Data Fabric

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What Does Data Fabric Mean?

Data fabric is a term coined by the research firm Gartner to describe a distributed IT architecture in which data is governed the same way whether it is located on premises, in the cloud, or at the edge of a network.


Essentially, data fabrics are woven with data integration and management policies that address specific types of data. The goal of creating a unified data fabric is to ensure that an organization’s data will always be readily available to authorized entities no matter where it resides.

Gartner predicts that the market for software products and services that facilitate the creation and management of data fabrics will grow to be $3.7 billion annually by 2026. To accommodate the need for interoperability, cloud services that help enterprise customers create data fabrics are usually platform agnostic and process agnostic.

Popular vendors in the data fabric market space include NetApp and SAP.

Techopedia Explains Data Fabric

One of the key benefits of data fabric is eliminating silos, which have been a problem in IT for as long as big data has existed.

Even decades ago, people were talking about the need to move valuable data to where it could be best used. Developers and others lamented situations where important data got stuck in some isolated environment, and couldn’t be accessed for new and important uses.

A data fabric helps to eliminate a lot of those problems and obstacles, by creating a system where data flows more freely. Think about it as a traffic infrastructure with a better traffic design, where data packets powered by their built-in trajectories are better able to move to a destination that’s been planned for them.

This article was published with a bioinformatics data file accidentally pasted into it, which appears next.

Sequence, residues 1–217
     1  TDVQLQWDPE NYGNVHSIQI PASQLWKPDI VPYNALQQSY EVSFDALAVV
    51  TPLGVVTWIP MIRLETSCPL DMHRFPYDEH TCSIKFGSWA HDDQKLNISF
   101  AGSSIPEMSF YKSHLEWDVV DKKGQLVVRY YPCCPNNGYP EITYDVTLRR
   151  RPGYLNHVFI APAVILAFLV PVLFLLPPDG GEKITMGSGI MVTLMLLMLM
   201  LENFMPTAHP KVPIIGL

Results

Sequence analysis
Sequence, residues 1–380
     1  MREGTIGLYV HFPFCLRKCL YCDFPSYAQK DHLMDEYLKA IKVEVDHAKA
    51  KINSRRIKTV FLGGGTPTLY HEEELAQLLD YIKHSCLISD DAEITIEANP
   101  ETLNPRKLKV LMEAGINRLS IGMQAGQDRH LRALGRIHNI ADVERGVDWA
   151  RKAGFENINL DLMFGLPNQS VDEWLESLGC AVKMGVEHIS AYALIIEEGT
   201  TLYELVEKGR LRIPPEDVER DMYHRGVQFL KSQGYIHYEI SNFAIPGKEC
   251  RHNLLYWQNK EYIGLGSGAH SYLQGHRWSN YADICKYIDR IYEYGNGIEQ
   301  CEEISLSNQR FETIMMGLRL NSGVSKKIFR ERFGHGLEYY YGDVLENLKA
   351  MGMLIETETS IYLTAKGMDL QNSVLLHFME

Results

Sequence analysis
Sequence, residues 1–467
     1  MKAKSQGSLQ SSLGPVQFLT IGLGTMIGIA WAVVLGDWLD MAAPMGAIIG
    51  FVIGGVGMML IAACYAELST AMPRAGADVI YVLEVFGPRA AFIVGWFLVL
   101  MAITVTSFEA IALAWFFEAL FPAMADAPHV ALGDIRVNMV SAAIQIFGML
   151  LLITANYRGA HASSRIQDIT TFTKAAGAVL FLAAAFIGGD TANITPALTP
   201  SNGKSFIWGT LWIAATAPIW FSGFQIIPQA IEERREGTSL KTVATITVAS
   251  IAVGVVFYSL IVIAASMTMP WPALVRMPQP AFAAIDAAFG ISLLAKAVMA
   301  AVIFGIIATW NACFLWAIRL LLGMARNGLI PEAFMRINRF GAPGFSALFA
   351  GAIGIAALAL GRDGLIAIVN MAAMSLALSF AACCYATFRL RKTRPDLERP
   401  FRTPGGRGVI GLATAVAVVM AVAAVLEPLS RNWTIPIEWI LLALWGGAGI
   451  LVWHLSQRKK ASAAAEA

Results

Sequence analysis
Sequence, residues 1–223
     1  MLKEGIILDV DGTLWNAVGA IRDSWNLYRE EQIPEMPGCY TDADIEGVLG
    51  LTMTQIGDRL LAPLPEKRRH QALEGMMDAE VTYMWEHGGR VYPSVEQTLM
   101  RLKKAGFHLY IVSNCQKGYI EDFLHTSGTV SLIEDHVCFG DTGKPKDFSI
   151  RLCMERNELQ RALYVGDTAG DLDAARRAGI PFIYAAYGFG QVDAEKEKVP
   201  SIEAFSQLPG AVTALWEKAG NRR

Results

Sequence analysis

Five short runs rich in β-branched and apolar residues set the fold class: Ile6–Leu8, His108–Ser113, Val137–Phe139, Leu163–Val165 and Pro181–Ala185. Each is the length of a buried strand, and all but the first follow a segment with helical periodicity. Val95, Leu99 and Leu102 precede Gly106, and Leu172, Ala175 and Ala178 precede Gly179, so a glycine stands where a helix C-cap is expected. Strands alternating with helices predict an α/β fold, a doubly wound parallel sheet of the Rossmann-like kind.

When it comes to momentum and data process initiative, the metaphor might fall apart a little bit, but in some ways, it holds true. Here’s how it works: When there is more of a system for delivery, those individual processes become more capable. The delivery flows better.

This was true with Eisenhower’s creation of the interstate model. All of a sudden, there were freeways connecting cities and faraway destinations to one another. So traffic improved.

The data fabric, in some ways, does a lot of the same things, or similar things, for data trajectories. You can imagine in any complex big data system that there is a sophisticated environment to navigate. If each of those processes is on their own to do that, it creates bottlenecks and other problems.

So the data fabric works as a framework and a model for data transit. It’s a smarter network design and build than simply cobbling together hardware and allowing some trajectory. It makes all of those different trajectories easier.

Another way to think about data fabric is to look at some popular use cases. For example, there’s the use of data fabric for anti-fraud systems. Here, having the versatile environment helps the technology and its human handlers to do more in terms of mining for the valuable information that’s going to help drive insights.

Other use cases apply to the business world where data fabric helps to build specific analysis.

In short, data fabric has to do with delivery. It’s seen as a progressive descendent of earlier primitive systems where there was hardware and there was a network, but there was no overall managing network system for getting data where it needed to go. In general, those designing and setting up data fabric will be involved in the key work of data governance for some entity, and looking at how data can be used most efficiently and most effectively.

Margaret Rouse
Technology Expert
Margaret Rouse
Technology Expert

Margaret is an award-winning technical writer and teacher known for her ability to explain complex technical subjects to a non-technical business audience. Over the past twenty years, her IT definitions have been published by Que in an encyclopedia of technology terms and cited in articles by the New York Times, Time Magazine, USA Today, ZDNet, PC Magazine, and Discovery Magazine. She joined Techopedia in 2011. Margaret's idea of a fun day is helping IT and business professionals learn to speak each other’s highly specialized languages.